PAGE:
Harry says Schwartz has appeared at several Florida tournaments and we’ve probably seen him, although I can’t recall facing him – of course, against us, he wouldn’t even have to cheat to win.

Playing honestly, Christine and I placed first in the B stratification and second overall in our section Friday morning with a 60.24% game good enough for 5.54 points, and we added another 2.12 points for second in the B overall with a 55.29% game Saturday morning, and 3.13 points for first among the Bs Saturday afternoon with a 57% game, topping it off with 2.20 points on Sunday in the Swiss teams game where we tied for second place in the Bs. Teaming up with our friends Dick and Ann Bottelli (she was our able captain) we had a lot of fun as we compiled a record of 4 wins and 2 losses.

One of our best results on an individual hand came Friday morning, when we scored 73% against Arnie Summers and partner Mimi Klug with the so-called snapdragon double, which always amazes people when we alert the bid and explain it on request. The tactic enabled us to find a good sacrifice in 5 Clubs over their 4 Hearts even when vulnerable. We went Down only two tricks, giving them 500 points, but their vulnerable Game would have given them 620. As a matter of fact, hand records showed Arnie could have made 5 Hearts for 650, so that’s good enough for a Bridge Burglar blog entry. Arnie will play Flustered Flo with the East hand, while I’ll be the South Declarer and assume the role of Flo’s nemesis, Smug Sam. Christine’s my North partner Shy Shem who got the ball rolling with the “snapdragon” bid. -o-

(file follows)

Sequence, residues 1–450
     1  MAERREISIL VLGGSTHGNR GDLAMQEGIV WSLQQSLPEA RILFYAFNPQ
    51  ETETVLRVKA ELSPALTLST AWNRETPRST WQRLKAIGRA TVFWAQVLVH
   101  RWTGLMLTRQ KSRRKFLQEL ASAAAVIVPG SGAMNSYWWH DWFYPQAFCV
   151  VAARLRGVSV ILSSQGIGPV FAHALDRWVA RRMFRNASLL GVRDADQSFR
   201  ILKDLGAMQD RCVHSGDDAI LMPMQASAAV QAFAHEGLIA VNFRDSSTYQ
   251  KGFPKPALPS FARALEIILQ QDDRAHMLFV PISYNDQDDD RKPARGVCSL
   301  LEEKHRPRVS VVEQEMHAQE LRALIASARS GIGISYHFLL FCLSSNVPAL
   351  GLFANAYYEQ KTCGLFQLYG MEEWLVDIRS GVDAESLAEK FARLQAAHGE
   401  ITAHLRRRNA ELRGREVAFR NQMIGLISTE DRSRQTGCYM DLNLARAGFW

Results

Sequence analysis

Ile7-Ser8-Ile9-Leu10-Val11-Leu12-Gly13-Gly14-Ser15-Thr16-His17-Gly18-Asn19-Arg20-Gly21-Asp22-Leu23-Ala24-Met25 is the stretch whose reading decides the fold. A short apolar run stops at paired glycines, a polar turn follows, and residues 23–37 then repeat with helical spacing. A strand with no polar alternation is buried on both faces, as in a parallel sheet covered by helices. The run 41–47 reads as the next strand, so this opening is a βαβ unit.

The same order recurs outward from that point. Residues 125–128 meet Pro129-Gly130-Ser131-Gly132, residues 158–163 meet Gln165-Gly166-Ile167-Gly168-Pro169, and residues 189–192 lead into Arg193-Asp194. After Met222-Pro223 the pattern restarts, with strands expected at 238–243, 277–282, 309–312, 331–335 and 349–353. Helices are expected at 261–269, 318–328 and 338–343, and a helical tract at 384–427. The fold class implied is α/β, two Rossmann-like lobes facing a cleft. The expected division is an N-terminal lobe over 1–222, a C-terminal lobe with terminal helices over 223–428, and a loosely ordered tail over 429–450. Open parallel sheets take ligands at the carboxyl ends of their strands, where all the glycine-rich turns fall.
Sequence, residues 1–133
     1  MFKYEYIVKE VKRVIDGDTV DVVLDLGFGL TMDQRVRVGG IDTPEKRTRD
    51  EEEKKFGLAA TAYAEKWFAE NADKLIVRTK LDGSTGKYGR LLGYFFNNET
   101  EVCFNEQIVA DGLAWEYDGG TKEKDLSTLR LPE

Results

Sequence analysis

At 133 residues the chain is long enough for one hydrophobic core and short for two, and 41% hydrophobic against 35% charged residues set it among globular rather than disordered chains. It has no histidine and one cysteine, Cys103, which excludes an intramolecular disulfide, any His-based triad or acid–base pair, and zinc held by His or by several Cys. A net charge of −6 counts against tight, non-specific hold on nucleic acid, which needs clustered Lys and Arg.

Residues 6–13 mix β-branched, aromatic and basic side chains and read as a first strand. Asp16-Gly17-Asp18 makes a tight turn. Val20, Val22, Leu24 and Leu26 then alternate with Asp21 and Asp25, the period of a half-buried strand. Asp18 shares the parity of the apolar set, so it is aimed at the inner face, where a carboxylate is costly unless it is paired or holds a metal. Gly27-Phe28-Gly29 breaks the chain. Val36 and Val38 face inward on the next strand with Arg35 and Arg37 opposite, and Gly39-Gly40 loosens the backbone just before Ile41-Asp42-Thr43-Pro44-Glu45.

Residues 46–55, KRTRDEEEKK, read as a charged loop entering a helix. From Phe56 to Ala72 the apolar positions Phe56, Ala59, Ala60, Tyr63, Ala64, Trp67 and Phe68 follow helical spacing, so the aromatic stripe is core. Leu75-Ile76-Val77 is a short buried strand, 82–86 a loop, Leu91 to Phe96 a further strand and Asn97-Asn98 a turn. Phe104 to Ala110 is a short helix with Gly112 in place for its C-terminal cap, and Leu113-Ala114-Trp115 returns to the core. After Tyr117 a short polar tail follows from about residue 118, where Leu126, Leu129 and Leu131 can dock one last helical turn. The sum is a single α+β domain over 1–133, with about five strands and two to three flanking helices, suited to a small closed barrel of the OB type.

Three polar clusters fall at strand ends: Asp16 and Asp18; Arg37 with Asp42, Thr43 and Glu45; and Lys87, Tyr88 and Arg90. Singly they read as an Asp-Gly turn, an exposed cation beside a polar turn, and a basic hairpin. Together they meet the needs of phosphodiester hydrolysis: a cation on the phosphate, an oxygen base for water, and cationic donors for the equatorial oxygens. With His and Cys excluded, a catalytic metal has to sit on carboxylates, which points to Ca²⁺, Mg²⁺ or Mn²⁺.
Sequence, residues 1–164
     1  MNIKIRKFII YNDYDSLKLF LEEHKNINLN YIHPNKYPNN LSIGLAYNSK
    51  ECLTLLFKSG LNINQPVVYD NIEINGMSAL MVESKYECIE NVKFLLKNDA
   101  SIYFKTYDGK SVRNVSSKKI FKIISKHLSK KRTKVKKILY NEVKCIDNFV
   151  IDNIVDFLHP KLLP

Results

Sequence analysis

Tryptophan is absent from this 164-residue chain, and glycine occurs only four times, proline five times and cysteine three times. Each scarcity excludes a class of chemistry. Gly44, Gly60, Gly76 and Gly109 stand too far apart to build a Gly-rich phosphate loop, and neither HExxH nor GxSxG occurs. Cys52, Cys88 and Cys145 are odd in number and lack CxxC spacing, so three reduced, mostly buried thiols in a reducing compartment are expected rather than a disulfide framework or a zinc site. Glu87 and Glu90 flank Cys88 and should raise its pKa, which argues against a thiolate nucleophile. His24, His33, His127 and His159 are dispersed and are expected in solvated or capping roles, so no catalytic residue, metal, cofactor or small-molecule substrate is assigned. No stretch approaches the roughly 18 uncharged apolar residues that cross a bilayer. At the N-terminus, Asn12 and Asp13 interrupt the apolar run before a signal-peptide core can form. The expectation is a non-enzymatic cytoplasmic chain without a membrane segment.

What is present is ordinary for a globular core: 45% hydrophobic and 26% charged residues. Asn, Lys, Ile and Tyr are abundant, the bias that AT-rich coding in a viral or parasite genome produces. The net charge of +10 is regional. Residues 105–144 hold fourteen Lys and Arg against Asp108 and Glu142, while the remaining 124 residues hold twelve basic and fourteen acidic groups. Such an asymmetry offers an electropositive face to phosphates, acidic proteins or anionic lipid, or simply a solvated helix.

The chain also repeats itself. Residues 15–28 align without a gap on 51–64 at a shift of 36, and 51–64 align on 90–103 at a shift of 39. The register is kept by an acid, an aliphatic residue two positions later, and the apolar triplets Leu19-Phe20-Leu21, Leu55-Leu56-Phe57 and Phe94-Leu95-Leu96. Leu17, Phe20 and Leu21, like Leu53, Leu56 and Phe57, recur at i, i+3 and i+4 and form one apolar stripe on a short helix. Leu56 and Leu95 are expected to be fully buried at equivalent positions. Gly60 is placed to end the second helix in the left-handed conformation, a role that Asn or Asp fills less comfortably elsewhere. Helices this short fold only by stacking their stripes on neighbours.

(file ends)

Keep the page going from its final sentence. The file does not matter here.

East Dealer; both sides vulnerable

 10 6 4
J 7 4
K J 10 9 7 3
West East
J 2 A Q 9 7